Ablaye Cissoko & Volker Goetze at Istanbul | Program Notes
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Tuesday, March 9, 2010

Ablaye Cissoko & Volker Goetze at Istanbul

Posted By on Tue, Mar 9, 2010 at 5:22 PM

I was drawn by the concept alone: a musical collaboration between a Senegalese griot singer who plays a traditional, 21-stringed kora, and a German-born jazz trumpeter.

Cissoko dons traditional robes for the performance, but not counting the video projection that accompanied one song, that was the lone adornment on the suddenly large- and bare-looking Istanbul stage. It was just the unassuming Goetze, hair slicked back, two trumpets (one muted) at the ready, and Cissoko, both seated.

The most intriguing presence might have been that of the kora. Its body was half a large gourd, the open face covered by calfskin, its neck about a yard long. Cissoko played it on his lap, the neck straight up, making it hard to see his face. He held it with three fingers of each hand grasping each of two small posts extending parallel to the neck from the body. He played the 21 unfretted strings with his thumbs and index fingers. 

The sound was beautiful, a high and clear cascade of notes, pretty close to Goetze's description of "African harp-lute." Most of the songs were traditional or in that style, Goetze complementing with smoky riffs. It was as mellow as it was deeply felt. Rusted Root's Colter Harper, who's traveled and studied music in Africa, sat in for two numbers on electric guitar.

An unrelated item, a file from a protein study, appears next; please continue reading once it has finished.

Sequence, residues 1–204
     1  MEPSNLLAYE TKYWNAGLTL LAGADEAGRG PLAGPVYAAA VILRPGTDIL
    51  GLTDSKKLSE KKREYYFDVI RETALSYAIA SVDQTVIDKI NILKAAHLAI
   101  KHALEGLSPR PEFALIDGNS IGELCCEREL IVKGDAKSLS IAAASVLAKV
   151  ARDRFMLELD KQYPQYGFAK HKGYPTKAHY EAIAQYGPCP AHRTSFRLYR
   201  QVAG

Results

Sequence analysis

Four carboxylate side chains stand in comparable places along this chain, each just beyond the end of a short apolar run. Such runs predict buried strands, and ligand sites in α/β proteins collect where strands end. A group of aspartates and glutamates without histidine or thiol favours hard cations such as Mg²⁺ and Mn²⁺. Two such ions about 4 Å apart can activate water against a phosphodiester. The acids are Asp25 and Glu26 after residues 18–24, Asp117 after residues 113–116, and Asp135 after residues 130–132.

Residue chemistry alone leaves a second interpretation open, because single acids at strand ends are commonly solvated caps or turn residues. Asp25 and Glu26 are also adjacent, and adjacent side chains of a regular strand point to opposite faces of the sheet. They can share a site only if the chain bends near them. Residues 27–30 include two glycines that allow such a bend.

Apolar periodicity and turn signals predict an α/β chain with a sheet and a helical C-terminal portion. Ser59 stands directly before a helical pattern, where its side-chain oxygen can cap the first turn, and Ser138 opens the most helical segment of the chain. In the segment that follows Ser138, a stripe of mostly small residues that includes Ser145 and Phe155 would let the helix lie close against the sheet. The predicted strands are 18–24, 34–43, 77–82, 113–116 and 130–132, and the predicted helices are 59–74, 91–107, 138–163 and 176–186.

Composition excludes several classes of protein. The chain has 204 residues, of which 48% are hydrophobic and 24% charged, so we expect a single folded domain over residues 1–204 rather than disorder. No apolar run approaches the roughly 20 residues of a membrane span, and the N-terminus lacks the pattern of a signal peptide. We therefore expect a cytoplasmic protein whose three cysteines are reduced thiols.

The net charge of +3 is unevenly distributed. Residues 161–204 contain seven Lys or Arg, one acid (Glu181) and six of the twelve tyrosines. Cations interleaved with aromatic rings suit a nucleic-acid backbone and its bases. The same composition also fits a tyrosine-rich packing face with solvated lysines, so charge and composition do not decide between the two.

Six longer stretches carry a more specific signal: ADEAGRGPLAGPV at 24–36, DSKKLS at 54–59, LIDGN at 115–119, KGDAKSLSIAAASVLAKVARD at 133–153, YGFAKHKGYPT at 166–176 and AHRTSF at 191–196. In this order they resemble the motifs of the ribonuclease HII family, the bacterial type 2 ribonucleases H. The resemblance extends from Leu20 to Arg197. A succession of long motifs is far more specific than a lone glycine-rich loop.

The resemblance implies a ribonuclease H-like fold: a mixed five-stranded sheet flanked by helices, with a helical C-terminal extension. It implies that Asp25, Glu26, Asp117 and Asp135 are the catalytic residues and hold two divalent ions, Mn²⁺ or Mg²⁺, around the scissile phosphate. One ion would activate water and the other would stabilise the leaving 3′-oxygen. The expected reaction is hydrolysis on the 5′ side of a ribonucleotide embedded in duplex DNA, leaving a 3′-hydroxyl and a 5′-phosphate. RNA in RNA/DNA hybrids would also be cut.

The show (organized by CP contributor Manny Theiner) had come together late, perhaps accounting for the fact that only about 50 people showed up for the Pittsburgh stop on the duo's first world tour. (Their local visit, which included an interview on WYEP, was sandwiched between gigs in State College and Washington, D.C.'s Twins Jazz.)

The two met at a European jazz festival and have been collaborating for a while, though in some ways they're still getting to know each other: Goetze struggled at times to translate Cissoko's French, and needed help from an African-born man in the audience. But their partnership has already birthed an album, Sira (on Obliq Sound). And they're fundraising for a documentary about Cissoko, titled The Griot, whose progress you can track at www.griotmovie.com.

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